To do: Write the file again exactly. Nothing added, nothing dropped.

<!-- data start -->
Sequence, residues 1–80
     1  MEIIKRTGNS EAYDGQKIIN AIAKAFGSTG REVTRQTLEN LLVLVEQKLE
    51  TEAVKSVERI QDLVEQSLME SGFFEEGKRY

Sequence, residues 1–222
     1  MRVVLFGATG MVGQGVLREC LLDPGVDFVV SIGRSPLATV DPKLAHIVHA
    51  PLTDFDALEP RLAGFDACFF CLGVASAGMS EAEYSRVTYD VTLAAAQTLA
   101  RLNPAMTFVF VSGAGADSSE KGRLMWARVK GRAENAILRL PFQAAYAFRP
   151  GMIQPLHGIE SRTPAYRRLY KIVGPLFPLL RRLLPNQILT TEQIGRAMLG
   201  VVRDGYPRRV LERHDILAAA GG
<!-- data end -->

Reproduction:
Sequence, residues 1–80
     1  MEIIKRTGNS EAYDGQKIIN AIAKAFGSTG REVTRQTLEN LLVLVEQKLE
    51  TEAVKSVERI QDLVEQSLME SGFFEEGKRY

Sequence, residues 1–222
     1  MRVVLFGATG MVGQGVLREC LLDPGVDFVV SIGRSPLATV DPKLAHIVHA
    51  PLTDFDALEP RLAGFDACFF CLGVASAGMS EAEYSRVTYD VTLAAAQTLA
   101  RLNPAMTFVF VSGAGADSSE KGRLMWARVK GRAENAILRL PFQAAYAFRP
   151  GMIQPLHGIE SRTPAYRRLY KIVGPLFPLL RRLLPNQILT TEQIGRAMLG
   201  VVRDGYPRRV LERHDILAAA GG